Are offices going down the same road as shops?

25 September 2020

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A personal view of the evolving role of real estate in a world of technological, social and business change, by Richard Pickering, Chief Strategy Officer, UK.

Are offices going down the same road as shops?

1995 was in retrospect a watershed year for retail. Although the world didn’t know it, two small businesses had been founded that would change the face of global high streets.

One intended to sell books; the other was a hobbyist website called AuctionWeb. By the year 2000, the e-commerce trend was being taken seriously, with both Amazon and the now rebranded e-Bay at its helm. In the following 20 years, this new distribution model rose from nothing, to account for 20% of all UK retail sales.

One fifth of shopping had moved into the ether. In the period since its peak, retail values have fallen by ~60% in real terms. Were other factors at play? Sure. But it is difficult to escape the online shift as the primary driver of this change.

In the wake of Coronavirus, the world now seems set to move from the traditional work model, to one which more formally recognises working from home as an integral element. It is at the extremes of this debate that commentators are saying that we will either move to a fully work from home model, or that we will be back in the office 5-days per week. Although there will be businesses and people that fall into both of these camps; most envisage some form of balance. The comparison with retail is palpable. If people work just one day per week from home, one fifth of work will have moved into the ether; a place where no office is required.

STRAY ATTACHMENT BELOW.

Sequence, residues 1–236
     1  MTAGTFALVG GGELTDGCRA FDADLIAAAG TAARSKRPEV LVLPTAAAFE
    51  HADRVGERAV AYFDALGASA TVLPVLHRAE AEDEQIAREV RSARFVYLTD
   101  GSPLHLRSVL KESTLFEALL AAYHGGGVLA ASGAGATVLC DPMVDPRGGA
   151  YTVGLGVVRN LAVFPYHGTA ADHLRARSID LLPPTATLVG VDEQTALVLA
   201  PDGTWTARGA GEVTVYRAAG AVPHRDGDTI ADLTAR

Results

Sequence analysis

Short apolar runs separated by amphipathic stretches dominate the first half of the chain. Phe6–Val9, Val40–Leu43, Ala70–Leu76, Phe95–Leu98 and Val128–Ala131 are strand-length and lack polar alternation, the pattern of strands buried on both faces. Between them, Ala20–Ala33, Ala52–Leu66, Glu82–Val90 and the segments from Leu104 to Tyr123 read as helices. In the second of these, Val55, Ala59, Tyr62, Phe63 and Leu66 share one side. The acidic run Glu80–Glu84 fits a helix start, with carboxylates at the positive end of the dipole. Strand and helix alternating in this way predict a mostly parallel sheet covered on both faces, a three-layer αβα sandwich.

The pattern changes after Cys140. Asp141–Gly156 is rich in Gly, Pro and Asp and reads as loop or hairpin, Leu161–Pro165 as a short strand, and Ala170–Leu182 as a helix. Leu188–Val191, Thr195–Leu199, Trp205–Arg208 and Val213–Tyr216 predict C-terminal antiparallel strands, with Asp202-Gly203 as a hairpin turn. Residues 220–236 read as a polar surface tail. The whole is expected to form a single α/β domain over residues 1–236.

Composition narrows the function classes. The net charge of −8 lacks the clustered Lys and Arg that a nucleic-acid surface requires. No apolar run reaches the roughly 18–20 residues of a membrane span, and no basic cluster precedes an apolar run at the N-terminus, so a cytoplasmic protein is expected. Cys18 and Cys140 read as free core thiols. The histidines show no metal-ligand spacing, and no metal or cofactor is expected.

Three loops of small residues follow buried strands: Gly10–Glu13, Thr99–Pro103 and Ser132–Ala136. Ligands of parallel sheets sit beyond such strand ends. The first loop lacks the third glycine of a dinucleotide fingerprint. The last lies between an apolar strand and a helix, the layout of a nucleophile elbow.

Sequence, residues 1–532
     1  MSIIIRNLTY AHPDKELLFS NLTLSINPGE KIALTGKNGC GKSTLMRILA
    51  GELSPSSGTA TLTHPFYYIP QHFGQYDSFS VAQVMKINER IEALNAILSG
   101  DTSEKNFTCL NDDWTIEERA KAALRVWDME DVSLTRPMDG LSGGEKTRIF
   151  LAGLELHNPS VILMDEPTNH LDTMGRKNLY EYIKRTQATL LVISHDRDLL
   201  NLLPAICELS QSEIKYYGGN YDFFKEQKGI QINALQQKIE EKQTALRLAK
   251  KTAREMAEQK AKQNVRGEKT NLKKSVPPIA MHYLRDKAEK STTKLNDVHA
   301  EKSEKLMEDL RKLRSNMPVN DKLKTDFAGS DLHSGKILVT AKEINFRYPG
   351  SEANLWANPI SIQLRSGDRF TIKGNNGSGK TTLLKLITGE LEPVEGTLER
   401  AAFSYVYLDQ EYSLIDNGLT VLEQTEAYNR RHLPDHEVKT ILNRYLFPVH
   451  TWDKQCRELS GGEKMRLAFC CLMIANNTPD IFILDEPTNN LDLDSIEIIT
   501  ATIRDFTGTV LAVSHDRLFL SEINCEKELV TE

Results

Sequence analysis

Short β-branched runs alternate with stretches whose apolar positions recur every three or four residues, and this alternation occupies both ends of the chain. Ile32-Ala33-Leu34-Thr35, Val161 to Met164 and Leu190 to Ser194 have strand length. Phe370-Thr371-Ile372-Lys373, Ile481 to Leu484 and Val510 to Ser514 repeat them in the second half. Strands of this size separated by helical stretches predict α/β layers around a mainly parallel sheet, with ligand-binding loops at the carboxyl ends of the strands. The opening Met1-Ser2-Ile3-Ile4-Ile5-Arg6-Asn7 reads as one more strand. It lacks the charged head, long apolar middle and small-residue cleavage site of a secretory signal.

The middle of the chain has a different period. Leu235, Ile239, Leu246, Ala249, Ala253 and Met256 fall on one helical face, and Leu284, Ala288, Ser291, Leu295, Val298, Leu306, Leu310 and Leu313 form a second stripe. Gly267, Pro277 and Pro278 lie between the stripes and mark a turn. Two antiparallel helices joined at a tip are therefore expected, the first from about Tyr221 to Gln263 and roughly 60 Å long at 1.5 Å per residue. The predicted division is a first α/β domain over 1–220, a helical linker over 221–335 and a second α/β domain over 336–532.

Are offices going down the same road as shops? There are some distinct similarities, but also some important differences.

We need to put this in the context of a much broader trend. The internet has enabled instant transfer of knowledge and the ability to transact remotely. This has been hugely beneficial for society. It has made many activities quicker and cheaper. Importantly it has also made many functional activities more convenient, removing inefficiencies, administration and hassle.

Whilst gamers and subscribers to certain websites might disagree, the internet is not built for fun; it is built for efficiency and reference. And for activities where convenience and efficiency are the primary focus, it is often a good choice.

For convenience shopping trips, we no longer need to drive to town, find a place to park a car, pay for parking and only then find out whether what we came to purchase is in stock. We just order online. Recently, many of us have found that we don’t need to sit in the doctors' germy waiting rooms to ask a quick health question – we can have an online video consultation. It is in this same category of convenience that commuters have recently won back up to 3 hours of their life every day; a powerful incentive to work from home.

And so, the wider digital shift, now affecting all areas of life and business, has come to the office. Should we expect a similar impact on real estate activity and value? Before making that call, it is important to consider some fairly fundamental differences between working and shopping.